Instead, every newspaper is clamoring for centralized intelligence coordination. The scale and efficiency of the Mumbai attacks made it India's 9/11. In response, they say, India needs what America got after 9/11: a PATRIOT Act and a Department of Homeland Security. Almost every newspaper has made much of the way Democrats and Republicans "came together" to pass the PATRIOT act with bipartisan support. Look, say the editorial writers, a Department of Homeland Security works. The U.S. has had no attacks since 9/11, they note.



India had its own homegrown version of the PATRIOT Act. The Prevention of Terrorism Act (POTA) was revoked by the current government when it came to office. Human rights groups had long complained about its potential for abuse. Now revoking POTA could lead to the government's downfall in upcoming elections. Clearly the country's leaders have been inept in their intelligence gathering. Whether POTA could have plugged the holes that led to the attacks is another question.

The issue, says a friend, is these bombings were not just any bombings. India has had bombings before. But those were bombs laid in trains and garbage cans. This was done by men without masks. These happened in coordinated slow motion as if they were meant to be watched on TV – attacks 15 minutes apart. These attacks literally brought terrorism to the doorstep of the opinion makers. It came to the places where they lunch.

Mumbai's resilience has become a cliché. It's survived train bombings, floods, the blasts at the Stock Exchange. But these hotels were the places where the elite feel safe and cocooned. This was Page 3 Bombay, not man-on-the-street Mumbai. "These are the places where what Indians call 'the creamy layer' hang out," says Mira Kamdar. It's their "islands of security" amidst the chaos of South Bombay. "It's the elite of Bombay who are really going to be shaken," says Kamdar.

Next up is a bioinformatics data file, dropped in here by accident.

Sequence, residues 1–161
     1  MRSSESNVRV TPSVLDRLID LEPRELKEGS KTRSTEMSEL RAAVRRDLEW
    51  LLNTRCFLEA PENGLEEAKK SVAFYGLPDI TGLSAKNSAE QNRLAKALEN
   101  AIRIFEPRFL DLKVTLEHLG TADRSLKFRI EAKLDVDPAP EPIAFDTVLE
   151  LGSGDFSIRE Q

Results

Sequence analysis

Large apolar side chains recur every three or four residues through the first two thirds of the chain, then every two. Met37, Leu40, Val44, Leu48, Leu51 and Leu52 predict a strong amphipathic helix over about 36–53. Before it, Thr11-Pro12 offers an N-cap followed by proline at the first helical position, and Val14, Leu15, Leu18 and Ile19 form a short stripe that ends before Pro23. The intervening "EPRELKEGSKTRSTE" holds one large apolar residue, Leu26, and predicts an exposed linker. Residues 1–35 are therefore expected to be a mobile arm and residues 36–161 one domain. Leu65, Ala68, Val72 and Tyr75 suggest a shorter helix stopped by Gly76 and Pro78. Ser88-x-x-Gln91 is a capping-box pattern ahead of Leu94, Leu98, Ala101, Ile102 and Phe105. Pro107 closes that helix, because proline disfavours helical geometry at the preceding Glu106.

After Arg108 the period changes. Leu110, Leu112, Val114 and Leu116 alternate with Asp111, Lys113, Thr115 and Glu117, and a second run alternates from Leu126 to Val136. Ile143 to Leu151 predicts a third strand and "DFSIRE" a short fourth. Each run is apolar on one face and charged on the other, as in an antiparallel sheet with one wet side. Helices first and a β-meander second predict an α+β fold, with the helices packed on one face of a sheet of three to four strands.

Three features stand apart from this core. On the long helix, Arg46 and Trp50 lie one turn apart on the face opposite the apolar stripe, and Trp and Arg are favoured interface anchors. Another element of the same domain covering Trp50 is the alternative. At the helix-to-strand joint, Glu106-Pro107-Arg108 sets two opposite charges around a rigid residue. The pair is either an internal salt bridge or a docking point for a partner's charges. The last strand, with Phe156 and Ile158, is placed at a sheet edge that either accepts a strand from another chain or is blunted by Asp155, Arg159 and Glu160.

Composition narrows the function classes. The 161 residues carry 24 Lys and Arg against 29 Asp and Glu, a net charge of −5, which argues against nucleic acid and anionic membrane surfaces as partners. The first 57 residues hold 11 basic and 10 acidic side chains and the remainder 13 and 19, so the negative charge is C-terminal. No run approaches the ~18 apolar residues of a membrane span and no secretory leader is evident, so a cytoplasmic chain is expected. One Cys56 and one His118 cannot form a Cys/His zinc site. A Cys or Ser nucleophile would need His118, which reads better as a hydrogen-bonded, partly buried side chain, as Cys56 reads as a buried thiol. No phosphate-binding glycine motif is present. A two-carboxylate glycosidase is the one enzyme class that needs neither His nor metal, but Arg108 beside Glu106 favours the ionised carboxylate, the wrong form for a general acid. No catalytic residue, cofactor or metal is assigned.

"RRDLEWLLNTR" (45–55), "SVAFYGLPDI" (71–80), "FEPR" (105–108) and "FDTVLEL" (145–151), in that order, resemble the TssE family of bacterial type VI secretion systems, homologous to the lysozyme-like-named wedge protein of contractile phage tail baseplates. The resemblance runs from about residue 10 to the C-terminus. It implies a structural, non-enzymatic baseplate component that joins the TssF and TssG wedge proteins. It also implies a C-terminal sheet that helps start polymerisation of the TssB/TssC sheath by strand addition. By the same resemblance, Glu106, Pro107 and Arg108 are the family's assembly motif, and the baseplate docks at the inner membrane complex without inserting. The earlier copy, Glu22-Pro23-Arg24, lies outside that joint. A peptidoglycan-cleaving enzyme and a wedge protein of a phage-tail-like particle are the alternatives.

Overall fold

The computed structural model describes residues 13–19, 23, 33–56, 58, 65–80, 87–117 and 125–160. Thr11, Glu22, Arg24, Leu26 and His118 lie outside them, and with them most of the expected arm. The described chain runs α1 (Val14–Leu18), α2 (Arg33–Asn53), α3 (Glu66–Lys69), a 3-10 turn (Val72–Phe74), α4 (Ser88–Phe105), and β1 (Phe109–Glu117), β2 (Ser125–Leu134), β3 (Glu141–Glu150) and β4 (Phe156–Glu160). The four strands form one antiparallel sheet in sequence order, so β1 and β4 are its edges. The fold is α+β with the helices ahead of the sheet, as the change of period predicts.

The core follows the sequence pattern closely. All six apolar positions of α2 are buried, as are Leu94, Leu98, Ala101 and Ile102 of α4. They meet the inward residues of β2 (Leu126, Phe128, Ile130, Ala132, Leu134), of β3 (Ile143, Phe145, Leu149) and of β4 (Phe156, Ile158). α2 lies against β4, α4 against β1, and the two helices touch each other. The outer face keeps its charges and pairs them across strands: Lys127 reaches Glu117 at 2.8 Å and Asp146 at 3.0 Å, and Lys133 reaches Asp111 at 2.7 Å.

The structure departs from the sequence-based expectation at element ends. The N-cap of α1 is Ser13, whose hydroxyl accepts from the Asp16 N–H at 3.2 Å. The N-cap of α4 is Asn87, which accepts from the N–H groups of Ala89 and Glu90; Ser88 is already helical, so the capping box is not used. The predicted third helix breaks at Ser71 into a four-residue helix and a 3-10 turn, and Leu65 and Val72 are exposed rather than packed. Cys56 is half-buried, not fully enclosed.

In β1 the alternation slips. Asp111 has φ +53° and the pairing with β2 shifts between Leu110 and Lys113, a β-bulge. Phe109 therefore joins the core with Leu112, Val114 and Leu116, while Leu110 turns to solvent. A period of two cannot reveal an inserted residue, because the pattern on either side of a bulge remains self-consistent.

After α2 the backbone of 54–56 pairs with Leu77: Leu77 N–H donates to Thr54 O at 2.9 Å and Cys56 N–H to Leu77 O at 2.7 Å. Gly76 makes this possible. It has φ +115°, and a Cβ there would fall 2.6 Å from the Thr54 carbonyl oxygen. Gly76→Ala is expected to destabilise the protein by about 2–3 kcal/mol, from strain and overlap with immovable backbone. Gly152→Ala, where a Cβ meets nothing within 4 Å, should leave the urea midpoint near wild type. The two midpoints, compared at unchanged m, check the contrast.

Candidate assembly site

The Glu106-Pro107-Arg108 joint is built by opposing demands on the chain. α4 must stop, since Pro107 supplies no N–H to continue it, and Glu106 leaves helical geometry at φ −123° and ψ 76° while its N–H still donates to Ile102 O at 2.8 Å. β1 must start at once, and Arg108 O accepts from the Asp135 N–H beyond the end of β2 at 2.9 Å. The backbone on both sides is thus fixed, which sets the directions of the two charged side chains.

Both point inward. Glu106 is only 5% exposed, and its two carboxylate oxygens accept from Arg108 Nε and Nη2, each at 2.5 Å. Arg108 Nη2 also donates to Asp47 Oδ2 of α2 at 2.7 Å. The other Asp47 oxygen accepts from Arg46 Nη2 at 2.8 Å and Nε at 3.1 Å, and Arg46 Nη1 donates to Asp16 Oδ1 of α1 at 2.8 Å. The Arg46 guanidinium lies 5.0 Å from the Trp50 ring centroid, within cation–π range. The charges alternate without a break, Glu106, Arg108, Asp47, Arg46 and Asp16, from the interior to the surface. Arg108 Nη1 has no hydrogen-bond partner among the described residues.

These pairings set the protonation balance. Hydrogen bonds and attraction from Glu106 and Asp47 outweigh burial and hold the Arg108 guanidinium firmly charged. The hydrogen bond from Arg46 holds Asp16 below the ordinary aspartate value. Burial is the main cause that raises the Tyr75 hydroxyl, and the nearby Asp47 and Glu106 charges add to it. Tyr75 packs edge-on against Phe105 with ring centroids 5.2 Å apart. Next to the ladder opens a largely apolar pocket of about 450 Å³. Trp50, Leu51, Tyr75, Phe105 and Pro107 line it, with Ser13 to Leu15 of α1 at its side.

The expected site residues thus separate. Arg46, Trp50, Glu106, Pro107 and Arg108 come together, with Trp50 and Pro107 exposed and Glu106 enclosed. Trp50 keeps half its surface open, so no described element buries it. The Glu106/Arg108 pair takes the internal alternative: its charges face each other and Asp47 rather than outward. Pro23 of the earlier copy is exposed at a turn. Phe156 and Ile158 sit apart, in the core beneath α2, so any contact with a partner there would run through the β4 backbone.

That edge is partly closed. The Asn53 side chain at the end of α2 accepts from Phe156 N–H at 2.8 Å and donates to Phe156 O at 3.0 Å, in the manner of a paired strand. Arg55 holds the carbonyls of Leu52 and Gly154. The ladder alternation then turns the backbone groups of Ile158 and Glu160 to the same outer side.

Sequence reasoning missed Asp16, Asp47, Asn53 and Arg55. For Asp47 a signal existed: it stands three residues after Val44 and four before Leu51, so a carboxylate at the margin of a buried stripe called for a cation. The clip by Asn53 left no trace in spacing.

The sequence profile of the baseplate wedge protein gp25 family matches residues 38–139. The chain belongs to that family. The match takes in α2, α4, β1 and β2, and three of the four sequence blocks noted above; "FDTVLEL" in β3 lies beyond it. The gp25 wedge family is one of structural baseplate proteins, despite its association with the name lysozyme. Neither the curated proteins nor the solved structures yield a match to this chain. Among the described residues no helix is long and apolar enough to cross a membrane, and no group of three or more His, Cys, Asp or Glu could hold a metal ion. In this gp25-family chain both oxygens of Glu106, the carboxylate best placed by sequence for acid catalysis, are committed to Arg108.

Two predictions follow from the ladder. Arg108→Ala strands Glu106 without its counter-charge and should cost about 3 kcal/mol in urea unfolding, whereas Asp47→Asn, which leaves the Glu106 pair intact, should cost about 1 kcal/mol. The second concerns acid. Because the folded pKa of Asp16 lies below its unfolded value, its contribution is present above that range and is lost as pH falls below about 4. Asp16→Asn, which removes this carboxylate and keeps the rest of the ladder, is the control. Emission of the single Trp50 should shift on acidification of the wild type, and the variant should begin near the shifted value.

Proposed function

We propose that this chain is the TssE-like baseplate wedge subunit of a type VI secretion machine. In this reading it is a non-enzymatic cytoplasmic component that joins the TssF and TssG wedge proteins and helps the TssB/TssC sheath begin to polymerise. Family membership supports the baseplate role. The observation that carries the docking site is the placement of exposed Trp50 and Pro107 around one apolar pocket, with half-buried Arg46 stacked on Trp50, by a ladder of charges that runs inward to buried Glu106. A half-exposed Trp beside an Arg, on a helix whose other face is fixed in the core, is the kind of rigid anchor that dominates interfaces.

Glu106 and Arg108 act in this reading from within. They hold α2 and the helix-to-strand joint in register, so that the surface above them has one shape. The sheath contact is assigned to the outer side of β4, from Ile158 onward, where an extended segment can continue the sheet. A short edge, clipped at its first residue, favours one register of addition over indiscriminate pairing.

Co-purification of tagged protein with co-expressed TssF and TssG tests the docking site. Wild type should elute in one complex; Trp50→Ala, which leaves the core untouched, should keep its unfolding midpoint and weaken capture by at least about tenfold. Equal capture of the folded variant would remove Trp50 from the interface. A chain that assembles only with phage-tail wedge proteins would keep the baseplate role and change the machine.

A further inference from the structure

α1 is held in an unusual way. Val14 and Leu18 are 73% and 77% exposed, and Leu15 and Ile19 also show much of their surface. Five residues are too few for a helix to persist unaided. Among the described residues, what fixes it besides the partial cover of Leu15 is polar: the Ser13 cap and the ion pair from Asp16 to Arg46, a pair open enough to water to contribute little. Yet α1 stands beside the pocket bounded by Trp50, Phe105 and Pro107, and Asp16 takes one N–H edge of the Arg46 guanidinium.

Shaken, because these young men didn't want to become the elite. They didn't want a place at the table. They wanted to upturn the table.

This is what is unfathomable to many Indians.

On my last trip back to India, I met with an Indian who had come back to New Delhi after many years in America. In 1988, he says, out of the 32 graduates of his class at IIT-Delhi, 26 ended up abroad. "In the latest class there are 60 grads and only two have applied for US scholarships," he told me.

At a time when "new" India is bubbling with optimism, when thousands of Indians are coming back to India, who wouldn't want to be part of that action?

When journalist Aravind Adiga wrote a novel about a chauffeur who kills his master, he called it "The White Tiger" because he said that was still the anomaly in India. He wondered why more servants didn't kill their masters. But he worried that "there is a new, very primordial, class divide between people who feel they have and people who feel they have not."

The story of haves and have-nots in India, in South Asia is part of the larger story of the attack on Mumbai. And I don't think it's one that will fall into the purview of any Department of Homeland Security that might get created.

Which brings me to the young men in t-shirts and jeans in plush hotels in South Mumbai.

In a country where every car entering one of the grand new shopping malls has its trunk inspected by uniformed security, how did they know they could walk into the five star hotel with AK-47s and grenades?

In the hushed glamour of the Taj with its 24-hour coffee shops, a Louis Vuitton store and golden luggage carts, did they walk in through the front door, past the liveried doorman like they belonged?

Did they stride into the dining room of the Oberoi like they wanted a table – dinner for three, we have no reservations.

Some might have even been working at the hotels, since they apparently knew its layout very well. At least 30 members of the staff at the Taj, including all 17 stationed at the reception desk were killed. Another dozen staff members died at the Oberoi. Guests who escaped praised the staff's bravery at both hotels.

I don't know who the young man in the Versace t-shirt was. But I can't shake his image – a gunman in five-star Mumbai.

He might be an Islamic militant from Pakistan or Britain. He might be a frustrated small city boy shut out of the IT economy. He might be a village boy who trained in a terror camp somewhere.

Whatever his motive, his message was loud and clear.

Pay attention to me, he and his young partners said to booming India.

And then these mysterious young men pulled the trigger.


(A version of this story appeared at




By Sandip Roy

Sandip Roy is an editor with New America Media and host of its radio show "UpFront" on KALW (91.7 FM) in San Francisco.